Protected cycleways are becoming more the norm around Chch these days, even if the occasional one still stirs up a bit of debate. But we’re certainly not the only Australasian place to encounter these “controversies”. Back in June 2014 (when this was first posted), one relatively little protected cycleway over in Adelaide was attracting some attention positive and negative. Even since then, this bikeway has lived a perilous life at times but survived to remain an example of what can be done even in relatively non-cycle-friendly territory…
Last week’s visit to Adelaide for Velo-City Global 2014 was also a great opportunity to see what our Trans-Tasman neighbour is up to on the cycleway front. And the jewel in the crown to date is the newly-opened Frome Street Bikeway.
The Frome Street Bikeway connects Adelaide’s central city via Frome St to the cycleways in the south (long-term it is also planned to connect the city to the north as well). The “headline” act seems to be the separated bikeway along lower Frome St and Regent St Nth. This street section used to be a four-lane traffic route; now it’s had a “road diet” to reduce it to two traffic lanes, maintain car parking, and introduce generous cycleways separated by concrete islands (wide enough for car doors opening).
A potentially tricky part of separated bikeways is how they deal with intersections. In the case of this bikeway, side-roads are strongly highlighted with green surfacing and “watch for bikes” signs. The major signalised intersections don’t appear to have any separate signal phasing for the bikes at present but I guess, if significant problems with turning traffic conflicts arose, they could be retro-fitted at a later date.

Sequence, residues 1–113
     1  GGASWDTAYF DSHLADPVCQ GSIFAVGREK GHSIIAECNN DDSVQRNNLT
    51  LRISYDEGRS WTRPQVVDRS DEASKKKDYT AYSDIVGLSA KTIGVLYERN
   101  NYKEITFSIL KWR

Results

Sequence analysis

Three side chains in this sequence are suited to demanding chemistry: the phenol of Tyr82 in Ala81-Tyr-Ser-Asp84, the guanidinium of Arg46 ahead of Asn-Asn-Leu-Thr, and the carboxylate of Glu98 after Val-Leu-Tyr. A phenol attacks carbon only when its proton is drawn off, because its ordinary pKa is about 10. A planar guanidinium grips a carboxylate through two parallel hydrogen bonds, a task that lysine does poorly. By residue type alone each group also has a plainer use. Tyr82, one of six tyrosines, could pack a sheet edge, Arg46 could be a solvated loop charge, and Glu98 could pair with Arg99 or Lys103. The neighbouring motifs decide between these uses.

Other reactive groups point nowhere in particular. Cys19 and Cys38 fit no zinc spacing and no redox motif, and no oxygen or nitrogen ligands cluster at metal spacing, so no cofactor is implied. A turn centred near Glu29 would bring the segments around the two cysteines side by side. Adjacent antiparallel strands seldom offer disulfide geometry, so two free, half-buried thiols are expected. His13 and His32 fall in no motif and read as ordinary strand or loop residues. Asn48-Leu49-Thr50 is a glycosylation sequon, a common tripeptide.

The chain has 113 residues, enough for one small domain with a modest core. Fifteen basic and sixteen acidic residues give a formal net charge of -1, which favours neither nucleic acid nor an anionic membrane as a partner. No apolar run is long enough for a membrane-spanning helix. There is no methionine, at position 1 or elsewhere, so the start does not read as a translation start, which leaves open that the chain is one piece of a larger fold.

Head further south from here however and you encounter a cycling route comprising the other key tools of Christchurch’s planned Major Cycleway Routes: quiet streets and off-road pathways.
Part of this route includes the use of one-way local streets that allow cyclists to ride “contra-flow” in the opposite direction. This is a great way to provide an advantage for riders over drivers.
Such contra-flow treatments do need care, however, and typically the end of the streets have a special entry/exit point to make the arrangements clear to everyone.
One of the nice features along the route is the use of flush destination signage built into the kerb islands at the intersections. As well as destinations, they also indicate estimated distances and travel times to get there.
The Frome Street Bikeway has attracted a strong response, positive and negative, amongst the locals. It’s even become a political football, with one City Councillor (and pending mayoral candidate) threatening to rip it up if he gets into power. But the City Council is standing strong against all the reaction, and even claiming a growth in cycling numbers already along the route.
What do you think of the Frome Street Bikeway?